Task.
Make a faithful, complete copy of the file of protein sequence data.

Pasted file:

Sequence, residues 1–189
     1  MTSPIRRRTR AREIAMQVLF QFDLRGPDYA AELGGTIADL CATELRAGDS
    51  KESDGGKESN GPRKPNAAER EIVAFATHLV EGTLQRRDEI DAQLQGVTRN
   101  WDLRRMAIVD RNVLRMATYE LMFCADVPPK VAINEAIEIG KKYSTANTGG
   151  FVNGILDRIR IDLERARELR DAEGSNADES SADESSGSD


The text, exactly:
Sequence, residues 1–189
     1  MTSPIRRRTR AREIAMQVLF QFDLRGPDYA AELGGTIADL CATELRAGDS
    51  KESDGGKESN GPRKPNAAER EIVAFATHLV EGTLQRRDEI DAQLQGVTRN
   101  WDLRRMAIVD RNVLRMATYE LMFCADVPPK VAINEAIEIG KKYSTANTGG
   151  FVNGILDRIR IDLERARELR DAEGSNADES SADESSGSD